While defending sex offenses are difficult, all is not lost. There are defenses, such as misidentification (the alleged victim has accused the wrong person) and consent (the alleged victim is lying).
With this defense, you are claiming that the alleged victim has identified the wrong person. This usually involves DNA analysis, and typically requires an expert witness to defend. Often times, prosecutors claim they have a DNA "match," but what they really have is a DNA sample that could include the person accused, but also includes thousands, or even hundreds of thousands, of other people too.
Consent and Lack of Consent Under New York Law
A lack of consent is an element of sex crimes in New York. In other words, if a person consents to a sex act, it is not a crime. However, because there are certain people not capable of giving consent under the law, a simple “yes” is not enough.
Persons Who May Not Consent
A person is legally not capable of consent in the following situations:
- Under the age of 17;
- Mentally disabled;
- Mentally incapacitated;
- Physically helpless;
- Residents of a state correctional facility or a hospital, where the actor is an employee; or
- Certain other cases where a person is being supervised on probation, for mental health purposes, or in some other situations, where the actor is a volunteer or employee.
In any of these situations, even if the person clearly says, “Yes, I want to have sex with you,” the word “yes” cannot legally constitute consent.
Persons Who Don't Consent
Obviously, if a person says, "I don't want to have sex with you,” this shows someone who is not consenting to sex. However, the situation is not always so clear. There are other situations where a lack of consent can be established, including:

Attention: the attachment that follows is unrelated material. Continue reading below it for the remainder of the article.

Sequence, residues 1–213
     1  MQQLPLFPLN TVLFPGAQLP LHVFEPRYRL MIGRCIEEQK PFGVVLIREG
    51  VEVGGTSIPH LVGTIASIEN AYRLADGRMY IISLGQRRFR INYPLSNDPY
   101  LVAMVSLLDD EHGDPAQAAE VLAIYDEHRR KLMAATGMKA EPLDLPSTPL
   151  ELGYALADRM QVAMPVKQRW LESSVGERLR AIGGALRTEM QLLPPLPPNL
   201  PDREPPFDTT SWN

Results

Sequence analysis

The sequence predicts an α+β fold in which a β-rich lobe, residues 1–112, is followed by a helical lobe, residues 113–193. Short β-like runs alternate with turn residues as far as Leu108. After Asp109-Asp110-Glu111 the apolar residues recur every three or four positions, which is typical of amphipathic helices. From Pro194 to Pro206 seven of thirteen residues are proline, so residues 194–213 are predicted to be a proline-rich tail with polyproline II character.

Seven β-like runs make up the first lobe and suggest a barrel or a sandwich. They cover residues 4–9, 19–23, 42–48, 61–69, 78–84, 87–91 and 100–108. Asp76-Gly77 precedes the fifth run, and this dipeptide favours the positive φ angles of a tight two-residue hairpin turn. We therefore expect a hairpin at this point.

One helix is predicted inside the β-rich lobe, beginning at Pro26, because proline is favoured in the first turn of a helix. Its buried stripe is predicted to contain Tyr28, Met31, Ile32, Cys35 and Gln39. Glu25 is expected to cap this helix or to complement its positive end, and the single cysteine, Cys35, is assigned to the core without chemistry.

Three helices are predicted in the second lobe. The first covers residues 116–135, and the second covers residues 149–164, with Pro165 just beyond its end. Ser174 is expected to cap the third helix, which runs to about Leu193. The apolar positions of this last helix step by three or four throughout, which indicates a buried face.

- When someone is forced to comply due to physical violence, or threat of violence to themselves or another;
- When someone is incapable of consent, such as if a person is extremely intoxicated or otherwise physically helpless, mentally disabled, or mentally incapacitated;
- Where the victim does not expressly or impliedly acquiesce; or
- In certain cases as prescribes by law, where a reasonable person would have known by the other person's words or actions they were not consenting to a specific sexual act.
In certain cases, one might have a legal defense to the allegation of lack of consent. For example, where a person is incapacitated, due to mental disability or incapacitation, or when one is physically helpless, it is an affirmative defense that the defendant was unaware of the facts or conditions responsible for the incapacity.
If You Have Been Charged with a Sex Crime
If you have been charged with a sex crime, or if law enforcement has indicated they would like to talk to you about a sex crime, you need an experienced criminal defense attorney, well versed in representing people charged with sex crimes. Remember: sometimes the best time to call a criminal defense attorney is before you have been charged with a crime. Contact the Law Office of Frost & Kavanaugh. We have nearly 50 years of experience representing people facing criminal charges and litigating cases in court. Unlike some attorneys, we are not afraid to go to trial if necessary to protect you.
We recognize every case is different. At Frost & Kavanaugh, we believe individual attention to each client is one of the keys to our success. We take the time to get to know our clients and their circumstances. We believe this is the only way to truly determine what is the best course of action for a client in a given case. We look forward to talking to you about your situation today.